As for bots that some in this same campaign wish to regulate, their spewage is not misinformation, nor even information at all. Information on which decisions are based needs to be authenticated, just as even scientific knowledge is seen as tentative. Social media never had a golden age of reliability anyway and government cannot spawn one. But then neither did mainstream media have a golden age: As a recent Babylon Bee headline joked, “CNN to launch real news spinoff site” Bots are more a technological problem than a policy one.
Perhaps the deepest illustration of this problem now is that, despite the handwringing at global confabs over “harm,” “misinformation” and “disinformation,” these categories, tellingly, never include online or mainstream media socialist advocacy.
Despite 20th Century socialism’s “Everest of bodies” of victims, socialist speech is popular and not under threat by those regulators; that myopia becomes the problem when they start to implement law, policy or guidance.
In the U.S. at least, such government regulation would stand in violation of constitutional principles of the protection of the unpopular speech or content (although that’s not much of a barrier after the Constitution’s progressive deconstruction). But global rules will affect speech in the U.S.
Industrial level non-impartiality even makes the “third-party,” “fact check” infrastructure suspect, as its function appears to be that of providing cover for liberals in its framing of events and in the choice of what to fact-check or to simply ignore. Given that, big tech’s promises to pacify policymakers by relying on fact checkers are more a red flag than palliative.
“Manipulated media” and deep fakes are the new boogerman on social media, and companies like Facebook and Twitter are rightly taking action. Under the heading “Authenticity”, Twitter posted on February 4 “Our new rule”:
You may not deceptively share synthetic or manipulated media that are likely to cause harm. In addition, we may label Tweets containing synthetic and manipulated media to help people understand their authenticity and to provide context.”
But what does “likely to cause harm” mean, given what we know liberals think their authoritarianism is harmless?
Twitter’s policy could be an excellent one, and that company alone should set its own policy. But it appears in context of assorted eruptions at social media firms and suggests to some a liberal bias and non-neutrality. These include accusations of contemplated search result manipulation to counter Trump’s travel ban; staff departures and firings allegedly rooted in the holding of unacceptable conservative viewpoints; a controversial dissolution of an artificial intelligence committee after an employee backlash over a conservative foundation head’s taking part; and crestfallen tech executives comforting employees with a “history is on our side” pep talk in an all-hands meeting after the election of Donald Trump.
Biases? Undeniable in some instances, less so in others. These are not the core concern.
The concern is that there are increasing calls, not for self-regulation like Twitter’s version, but external regulation of social media (I discussed versions from the right and from the left elsewhere) while leaving conventional media alone.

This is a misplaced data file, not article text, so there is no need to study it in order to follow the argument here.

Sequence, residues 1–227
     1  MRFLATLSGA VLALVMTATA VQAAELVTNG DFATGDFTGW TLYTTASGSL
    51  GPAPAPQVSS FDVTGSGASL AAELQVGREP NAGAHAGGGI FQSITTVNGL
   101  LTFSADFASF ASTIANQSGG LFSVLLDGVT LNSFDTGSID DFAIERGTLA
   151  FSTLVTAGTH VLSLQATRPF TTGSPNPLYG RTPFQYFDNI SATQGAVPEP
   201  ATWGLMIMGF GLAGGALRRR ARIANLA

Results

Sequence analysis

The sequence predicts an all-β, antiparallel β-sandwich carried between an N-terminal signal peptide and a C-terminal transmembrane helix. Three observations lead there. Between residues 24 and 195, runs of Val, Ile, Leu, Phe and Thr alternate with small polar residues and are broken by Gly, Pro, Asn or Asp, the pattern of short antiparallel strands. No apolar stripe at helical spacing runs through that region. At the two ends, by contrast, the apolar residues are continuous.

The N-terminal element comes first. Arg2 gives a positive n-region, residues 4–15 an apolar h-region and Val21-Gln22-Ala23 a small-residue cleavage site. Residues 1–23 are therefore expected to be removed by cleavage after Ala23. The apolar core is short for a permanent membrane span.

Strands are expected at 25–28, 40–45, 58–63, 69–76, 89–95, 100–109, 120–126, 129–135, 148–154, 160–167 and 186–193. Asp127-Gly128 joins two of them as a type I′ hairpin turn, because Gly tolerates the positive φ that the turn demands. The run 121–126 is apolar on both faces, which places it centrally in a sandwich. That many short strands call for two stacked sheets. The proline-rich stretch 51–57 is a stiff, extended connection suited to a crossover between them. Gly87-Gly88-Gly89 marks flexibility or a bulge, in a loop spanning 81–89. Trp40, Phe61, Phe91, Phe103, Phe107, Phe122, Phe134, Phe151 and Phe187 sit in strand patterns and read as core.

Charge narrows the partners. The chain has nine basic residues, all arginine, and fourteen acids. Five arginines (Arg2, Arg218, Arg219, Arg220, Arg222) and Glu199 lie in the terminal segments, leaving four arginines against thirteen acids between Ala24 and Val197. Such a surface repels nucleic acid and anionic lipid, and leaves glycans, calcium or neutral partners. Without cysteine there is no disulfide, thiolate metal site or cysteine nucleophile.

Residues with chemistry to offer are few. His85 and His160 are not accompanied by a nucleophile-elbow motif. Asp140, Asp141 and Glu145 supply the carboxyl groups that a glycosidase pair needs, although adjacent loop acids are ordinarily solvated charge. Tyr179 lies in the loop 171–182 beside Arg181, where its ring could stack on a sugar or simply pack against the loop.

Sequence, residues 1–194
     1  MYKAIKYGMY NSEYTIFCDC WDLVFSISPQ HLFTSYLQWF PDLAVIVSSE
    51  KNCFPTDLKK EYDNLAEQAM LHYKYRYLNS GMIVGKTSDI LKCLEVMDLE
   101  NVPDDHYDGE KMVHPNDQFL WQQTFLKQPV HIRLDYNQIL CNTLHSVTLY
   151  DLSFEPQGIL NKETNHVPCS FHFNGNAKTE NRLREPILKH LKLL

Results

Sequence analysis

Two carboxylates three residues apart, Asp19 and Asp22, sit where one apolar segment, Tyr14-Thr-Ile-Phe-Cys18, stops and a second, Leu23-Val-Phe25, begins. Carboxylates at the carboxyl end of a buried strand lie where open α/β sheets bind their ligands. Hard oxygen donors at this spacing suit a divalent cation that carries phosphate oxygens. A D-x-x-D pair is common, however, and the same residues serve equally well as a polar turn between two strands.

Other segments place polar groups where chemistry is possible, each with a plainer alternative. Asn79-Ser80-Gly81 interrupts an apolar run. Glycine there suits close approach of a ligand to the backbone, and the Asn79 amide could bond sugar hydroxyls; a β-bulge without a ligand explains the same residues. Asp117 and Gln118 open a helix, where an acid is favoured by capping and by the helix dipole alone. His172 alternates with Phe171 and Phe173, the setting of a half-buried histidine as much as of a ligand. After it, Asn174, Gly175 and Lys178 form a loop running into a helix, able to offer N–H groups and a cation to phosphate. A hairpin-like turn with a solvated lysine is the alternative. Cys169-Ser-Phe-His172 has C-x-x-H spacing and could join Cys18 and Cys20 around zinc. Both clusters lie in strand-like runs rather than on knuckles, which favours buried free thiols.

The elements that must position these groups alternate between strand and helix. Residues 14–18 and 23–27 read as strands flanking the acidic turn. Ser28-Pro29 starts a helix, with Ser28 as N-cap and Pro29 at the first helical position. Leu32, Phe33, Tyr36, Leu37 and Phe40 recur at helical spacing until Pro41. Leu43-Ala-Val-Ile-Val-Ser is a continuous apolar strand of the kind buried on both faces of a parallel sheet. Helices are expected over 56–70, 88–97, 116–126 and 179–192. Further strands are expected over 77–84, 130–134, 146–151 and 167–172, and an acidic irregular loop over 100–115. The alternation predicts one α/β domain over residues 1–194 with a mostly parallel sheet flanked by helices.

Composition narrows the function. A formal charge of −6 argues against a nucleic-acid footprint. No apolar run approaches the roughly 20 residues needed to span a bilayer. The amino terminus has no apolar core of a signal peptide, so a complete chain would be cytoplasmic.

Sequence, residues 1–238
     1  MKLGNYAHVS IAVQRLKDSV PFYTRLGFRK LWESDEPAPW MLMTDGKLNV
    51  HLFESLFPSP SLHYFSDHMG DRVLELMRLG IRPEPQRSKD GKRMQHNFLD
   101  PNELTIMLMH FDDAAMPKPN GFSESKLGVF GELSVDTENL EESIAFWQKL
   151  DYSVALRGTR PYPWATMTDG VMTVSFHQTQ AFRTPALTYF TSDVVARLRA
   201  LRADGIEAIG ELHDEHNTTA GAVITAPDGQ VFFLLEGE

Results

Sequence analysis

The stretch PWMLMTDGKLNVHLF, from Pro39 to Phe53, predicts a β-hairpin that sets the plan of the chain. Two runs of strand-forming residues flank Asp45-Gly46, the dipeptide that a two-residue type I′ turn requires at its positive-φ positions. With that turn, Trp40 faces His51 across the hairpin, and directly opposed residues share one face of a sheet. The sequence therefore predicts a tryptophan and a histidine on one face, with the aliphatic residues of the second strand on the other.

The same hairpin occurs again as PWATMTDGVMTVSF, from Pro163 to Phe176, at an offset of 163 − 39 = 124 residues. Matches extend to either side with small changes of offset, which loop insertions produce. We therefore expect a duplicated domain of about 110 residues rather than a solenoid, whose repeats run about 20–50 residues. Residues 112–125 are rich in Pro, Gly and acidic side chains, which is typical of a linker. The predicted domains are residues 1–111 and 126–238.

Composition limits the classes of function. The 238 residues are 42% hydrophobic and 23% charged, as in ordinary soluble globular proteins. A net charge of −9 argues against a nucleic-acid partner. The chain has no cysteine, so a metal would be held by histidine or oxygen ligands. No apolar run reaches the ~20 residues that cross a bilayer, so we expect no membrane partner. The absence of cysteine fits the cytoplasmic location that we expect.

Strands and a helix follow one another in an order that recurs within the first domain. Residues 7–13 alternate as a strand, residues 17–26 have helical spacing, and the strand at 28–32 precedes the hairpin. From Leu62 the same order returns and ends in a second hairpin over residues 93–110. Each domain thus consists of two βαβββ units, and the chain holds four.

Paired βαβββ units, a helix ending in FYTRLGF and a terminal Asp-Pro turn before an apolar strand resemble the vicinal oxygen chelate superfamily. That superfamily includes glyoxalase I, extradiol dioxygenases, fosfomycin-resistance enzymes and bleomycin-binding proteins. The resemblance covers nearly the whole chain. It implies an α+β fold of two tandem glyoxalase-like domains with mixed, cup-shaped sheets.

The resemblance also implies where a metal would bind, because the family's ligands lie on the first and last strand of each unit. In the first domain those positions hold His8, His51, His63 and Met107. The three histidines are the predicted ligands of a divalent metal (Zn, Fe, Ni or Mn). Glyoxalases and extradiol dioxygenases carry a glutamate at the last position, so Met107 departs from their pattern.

Both traditional media and social media should be left alone.
Bias, misinformation, disinformation and similar subjective criteria become public policy issues only when government seeks to regulate content and speech or decide for us what is “harmful.” A brand new example of the kind of censorship to expect is a recent call by a Democrat in Congress for Google’s YouTube to remove “climate disinformation videos.”
The up-with-socialism videos are OK, though. Those aren’t misinformation or disinformation in need of being added to YouTube’s “borderline content” roster, you see. (Nor, as should be obvious by now, am I demanding that they should be.)
Downstream, the administrative state that would carry out any of the various new directives is every bit as left leaning as mainstream media, academia and allegedly the big tech workforce.
There of course exists no political right not to be offended, nor even to be told the truth, for that matter. Finding that out is each of our jobs.
While I may point out monolithic thinking, Congress needs to protect it. It needs to preserve the right to express newspeak and groupthink, whether it comes from the right or left, or from conventional or newfangled media. We are — or should be permitted to be— independent thinkers who not only can but have an obligation to sort it out. If we literally as beings cannot handle misinformation and propaganda, we shouldn’t be voting in the first place. And that’s preposterous.
In today’s policy climate, mainstream media gets to maintain its biases and proclivities. Will non-conforming social media of the future retain that essential freedom?
With members of Congress and social media companies alike coming out in favor of content regulation, a decision by mainstream media to pile on too would represent quite the challenge for dissident free speech.
This thinking out loud on social media has wound up turning into something of a series; here are other very recent “installments.”
- Deepfakes And Beyond: Who Wins If Social Media Platforms Are Regulated?
- How Conservatives’ Campaign To Impose Political Neutrality Regulation On Big Tech Will Backfire
- How Regulation Of “Harmful Speech” Online Will Do The Real Harm
- Big Tech: Arise And Defend Online Bias And Controversial Speech From Aspiring Regulators
Later we’ll take a look at some of the formulations of those who proclaim to be opponents of “harmful speech,” and present themselves as appropriate arbiters of what gets seen online.